UK supermarket Asda loses latest round of equal pay case Watch

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LONDON (Reuters) - British supermarket chain Asda, which is owned by Walmart, has lost a challenge at the Court of Appeal in the latest round of a long-running dispute with staff over equal pay for different roles.
https://uk.reuters.com/article/uk-as...-idUKKCN1PP1JH

It's not the same thing to work in a warehouse pushing cages in and out in the middle of the night (mostly men) and sitting at the till in the warm at daytime (mostly women). The justice system have been contaminated with the crazed equalizing fever, nothing is immune from it these days. No right to appeal for Asda either, in itself quite a thing.

There will be consequences to this, I've only just looked it up and there is already an ad popping up offering legal assistance to claim from ASDA in this page. It will cost the supermarkets millions or more, we know who ends up paying for it all. In a way, they ought to face up to this by dragging everyone's pay to the lower level but of course that would be unfair on some.

Women v. Men, that's what made this ruling what it is. Enforced equality regardless of what people do, that is the pervading ethos in the public sector these days and it will spread beyond it by decree. Carrie Gracie is the modern version of Joan of Arc.
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Dandaman1
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Notice how they've avoided specifically making a gender discrimination case out of this. That's because there is literally no grounds for it. Instead they're having to make it about store staff and distribution centre staff.

Store staff do not have to operate forklifts. They don't have to work from heights. They are exposed to fewer hazards. They do less manual labour. A lot of them are just seventeen-year-olds sitting at checkout counters, for crying out loud.
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ThomH97
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I'm not sure what the issue is or why ASDA has been fighting this bit. The only explicit bit is "an earlier ruling that Asda store staff can compare their roles with those in distribution centres" which I agree with, even if I can see obviously there's a difference. A cashier can compare themselves to the shift manager if they want, but it'd be very easy to point out the differences that justify (some of?) the pay difference.

And that indeed is the "next stage - assessing whether store and distribution centre roles are of equal value". This is where I expect the case to crash and burn, and if it doesn't, that'll be where the focus should be as anyone with half a brain can see the differences in hazards, manual labour, hours and being able to talk to people to name a few.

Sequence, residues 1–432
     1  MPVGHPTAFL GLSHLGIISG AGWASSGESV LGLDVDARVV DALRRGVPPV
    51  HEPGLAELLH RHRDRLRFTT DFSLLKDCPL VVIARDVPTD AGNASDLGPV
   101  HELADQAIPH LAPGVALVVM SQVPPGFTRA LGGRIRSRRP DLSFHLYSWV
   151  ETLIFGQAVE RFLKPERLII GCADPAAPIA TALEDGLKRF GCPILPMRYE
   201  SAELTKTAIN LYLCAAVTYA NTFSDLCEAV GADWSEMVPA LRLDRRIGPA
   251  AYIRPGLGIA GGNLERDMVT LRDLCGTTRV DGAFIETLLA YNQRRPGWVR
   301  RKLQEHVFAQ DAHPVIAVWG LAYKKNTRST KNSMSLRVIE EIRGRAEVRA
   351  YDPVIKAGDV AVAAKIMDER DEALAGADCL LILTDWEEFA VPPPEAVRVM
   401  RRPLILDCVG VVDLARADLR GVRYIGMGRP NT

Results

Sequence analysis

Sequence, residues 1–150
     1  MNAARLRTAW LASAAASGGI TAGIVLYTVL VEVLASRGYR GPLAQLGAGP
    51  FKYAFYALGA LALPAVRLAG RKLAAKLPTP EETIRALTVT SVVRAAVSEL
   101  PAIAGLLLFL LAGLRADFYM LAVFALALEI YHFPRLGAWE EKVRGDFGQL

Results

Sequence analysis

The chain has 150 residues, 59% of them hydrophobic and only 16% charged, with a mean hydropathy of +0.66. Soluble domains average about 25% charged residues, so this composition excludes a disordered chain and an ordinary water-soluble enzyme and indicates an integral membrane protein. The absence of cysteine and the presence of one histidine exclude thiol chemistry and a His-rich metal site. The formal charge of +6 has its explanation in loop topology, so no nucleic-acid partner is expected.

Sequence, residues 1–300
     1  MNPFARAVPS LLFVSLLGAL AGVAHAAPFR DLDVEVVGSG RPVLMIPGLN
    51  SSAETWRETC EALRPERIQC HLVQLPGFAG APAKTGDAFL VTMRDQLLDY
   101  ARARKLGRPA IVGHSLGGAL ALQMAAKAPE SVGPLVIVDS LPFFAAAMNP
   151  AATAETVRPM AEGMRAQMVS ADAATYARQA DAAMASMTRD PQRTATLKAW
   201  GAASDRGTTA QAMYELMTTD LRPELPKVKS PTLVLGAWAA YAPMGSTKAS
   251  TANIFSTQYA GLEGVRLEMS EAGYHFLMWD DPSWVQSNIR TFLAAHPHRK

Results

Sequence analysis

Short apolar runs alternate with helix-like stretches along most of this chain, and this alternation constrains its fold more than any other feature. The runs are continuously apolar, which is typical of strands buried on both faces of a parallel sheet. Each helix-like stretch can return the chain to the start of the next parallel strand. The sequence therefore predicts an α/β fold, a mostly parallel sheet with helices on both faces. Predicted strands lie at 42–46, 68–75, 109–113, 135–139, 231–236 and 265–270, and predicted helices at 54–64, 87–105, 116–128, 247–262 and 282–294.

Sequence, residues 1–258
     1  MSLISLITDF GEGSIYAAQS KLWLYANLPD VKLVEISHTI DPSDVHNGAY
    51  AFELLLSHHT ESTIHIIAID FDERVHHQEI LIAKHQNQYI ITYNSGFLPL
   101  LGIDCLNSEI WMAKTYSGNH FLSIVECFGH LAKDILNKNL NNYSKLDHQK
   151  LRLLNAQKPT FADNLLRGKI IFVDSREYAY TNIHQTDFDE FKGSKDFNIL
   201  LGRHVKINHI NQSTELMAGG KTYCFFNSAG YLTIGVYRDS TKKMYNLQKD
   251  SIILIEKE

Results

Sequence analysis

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DSilva
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(Original post by zhog)
https://uk.reuters.com/article/uk-as...-idUKKCN1PP1JH

. No right to appeal for Asda either, in itself quite a thing.
From the article you've just linked:

'Asda said it was disappointed with the decision and would apply to the Supreme Court to appeal the judgment.'

Perhaps you should actually read the article yourself. They have the same right to apply for an appeal as anyone else does after judgement against them.
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Just my opinion
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So women working at the warehouse distribution centre earn the same money, when doing the same job, as men working at the warehouse distribution centre.
Meanwhile women working in the supermarkets earn the same money, when doing the same job, as men working in the supermarkets.
Women are free to choose to work in either the supermarkets or distribution centres.

What's the problem?
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username1738683
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(Original post by DSilva)
From the article you've just linked:

'Asda said it was disappointed with the decision and would apply to the Supreme Court to appeal the judgment.'

Perhaps you should actually read the article yourself. They have the same right to apply for an appeal as anyone else does after judgement against them.
From the same link:

Following Thursday's ruling, the Court of Appeal denied Asda the right to appeal.
Keep trying.